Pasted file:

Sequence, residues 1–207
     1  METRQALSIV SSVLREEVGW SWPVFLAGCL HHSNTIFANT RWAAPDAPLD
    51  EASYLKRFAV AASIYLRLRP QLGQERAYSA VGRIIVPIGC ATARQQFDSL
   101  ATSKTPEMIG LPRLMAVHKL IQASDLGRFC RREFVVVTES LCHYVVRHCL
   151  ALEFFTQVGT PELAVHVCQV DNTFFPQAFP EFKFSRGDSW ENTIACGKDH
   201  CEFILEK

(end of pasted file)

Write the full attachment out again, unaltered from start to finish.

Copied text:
Sequence, residues 1–207
     1  METRQALSIV SSVLREEVGW SWPVFLAGCL HHSNTIFANT RWAAPDAPLD
    51  EASYLKRFAV AASIYLRLRP QLGQERAYSA VGRIIVPIGC ATARQQFDSL
   101  ATSKTPEMIG LPRLMAVHKL IQASDLGRFC RREFVVVTES LCHYVVRHCL
   151  ALEFFTQVGT PELAVHVCQV DNTFFPQAFP EFKFSRGDSW ENTIACGKDH
   201  CEFILEK